Lehigh Valley Music Blog: Mellencamp At Reading's Sovereign Center: Can't Get No Better Than This
11.06.2011 - By John J. Moser -
Mcall.com Lehigh Valley Music
Mellencamp concert 2When John Mellencamp started his current No Better Than This
tour early this year, it was an exercise in defiance in the face of growing
As with his stellar two most recent albums, 2008’s “Life, Death, Love and
Freedom” and 2010’s “No Better Than This,” the show was an acknowledgment of the
restrictions and regrets of age, but also a statement Mellencamp was going to
take it on his way.
Seven months later, that tour, which stopped Friday at a full Sovereign
Performing Arts Center in Reading, has morphed into a full-blown celebration –
of perhaps not conquering the aging process, but certainly battling hard against
John Mellencamp in file photo
In a 22-song, hour-and-55-minute show, Mellencamp, who just turned 60, certainly
acknowledged the time that has passed in his life, but swathed it in a swagger
that said he wasn’t about to let it slow him down.
His hair cut spiky and the gray that showed in a February stop in Philadelphia
gone, Mellencamp seemed similarly rejuvenated. A third of his set came from
those two most recent albums, but he seemed to invest even more into his earlier
hits, malleating their meanings for his new life position.
The opening “Authority Song,” for example, both literally and figuratively
served notice. Its lyrics explicitly warned Mellencamp does things his way, and
its rollicking rockabilly, with a ‘60s guitar sound and kicking-good standup kit
drums, warned the same. It also showed how tight the band was – stopping dead on
a beat, then restarting.
The irony was that Mellancamp’s voice took on the grizzled growl of a latter-day
Dylan. That was especially true on the new songs “No One Cares About Me” (when
he sang “My wife, she took off to Memphis,” it was hard not to think of his
recent divorce from Gilbertsville native Elaine Erwin) and a ballsy, bluesy
“John Cockers.” On Son House’s “Death Letter,” he literally spat out the words –
expectorating on stage.
He ended the first part of his set with a joyous, goose bump-inducing “Check It
Out.” As the drums, accordion and violin built, the whole crowd – most also of
advancing age and already wholly invested -- clapped along. They even cheered
when Mellencamp, dressed in an open-collar, three-piece black suit, removed his
jacket – as it if was some symbol.
The show’s middle section had Mellencamp alone with acoustic guitar for a great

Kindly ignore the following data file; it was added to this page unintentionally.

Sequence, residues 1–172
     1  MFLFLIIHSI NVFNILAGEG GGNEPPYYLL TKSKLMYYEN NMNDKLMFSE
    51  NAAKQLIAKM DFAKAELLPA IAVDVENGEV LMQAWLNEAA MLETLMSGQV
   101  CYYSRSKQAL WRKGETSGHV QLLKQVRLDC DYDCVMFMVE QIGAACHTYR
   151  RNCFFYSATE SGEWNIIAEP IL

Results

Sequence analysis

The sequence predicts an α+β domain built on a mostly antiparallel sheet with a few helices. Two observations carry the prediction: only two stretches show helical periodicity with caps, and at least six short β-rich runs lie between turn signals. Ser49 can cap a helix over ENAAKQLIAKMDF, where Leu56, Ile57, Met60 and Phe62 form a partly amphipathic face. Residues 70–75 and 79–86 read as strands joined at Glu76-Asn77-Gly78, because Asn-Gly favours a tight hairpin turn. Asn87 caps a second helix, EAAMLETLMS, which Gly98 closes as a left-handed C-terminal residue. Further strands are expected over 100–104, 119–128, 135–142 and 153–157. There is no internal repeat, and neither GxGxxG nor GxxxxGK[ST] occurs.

“Save Some Time To Dream” (the crowd, which obviously connected with the song’s
lyrics, whooped along), and perhaps the show’s highlight with a raucous “Jack
and Diane,” which he started a cappella, then kicked in with his guitar after
the crowd sang the while first chorus.
As overwhelming the response was to that song, the crowd as just as silent for
the following “A Ride Back Home.” Mellencamp sang in a wonderfully expressive
voice, and the lyrics hinted at the underlying fear that perhaps motivated such
a devastating performance: “My time’s come and gone,” he sang, “It’s as simple
After being joined again by banjo, mandolin and violin for the delightful macho
bluster of an emphatic “Easter Eve” (he so controlled the band that with the
wave of his hand mid-song, they lowered their volume), he again was alone for a
startlingly serious “Longest Days” and, alone in a blue spotlight, a stark
“Small Town.” He again made a reference to Irwin, changing the words to say
“Married a couple of girls, brought them to this small town … my guess is, it’s
The full band returned for a full-bore, blasting “Blood on the Scarecrow,” and
from there Mellencamp rocked to the finish with a string of hits. “Paper In
Fire” was ominous, with the band lined up at the front of the stage to play.
“Key West Intermezzo (I Saw You First)” was infused with a riff from The Rolling
Stones’ “Honky Tonk Woman.”
And “If I Die Sudden” was straight-forward rock, its lyrics laying out the
night’s premise: “I’m not afraid of dying/This life’s been good to me.”
He closed with five-minute versions of three of his biggest hits.
“Pink Houses” sent a rush through the crowd, and he was so intent that he came
to the edge of the stage and pointed as he sang. “R.O.C.K. in the U.S.A.” had
not only the people on the floor dancing wildly, but even the people in the
balcony waving their arms and rocking.
And, finally, “Cherry Bomb,” with its nostalgic line “We were young, and we were
But on this night, there was no evidence that Mellencamp isn’t still improving.
Throughout the show, he danced – not as if he had something to prove, but simply
because he wanted to, and could.
And that attitude infused the crowd, who, during “Jack and Diane,” danced and
sang “Oh yeah, life goes on/Long after the thrill of living is gone.”
At least for a night, the thrill was still there.
Jason Moser contributed to this review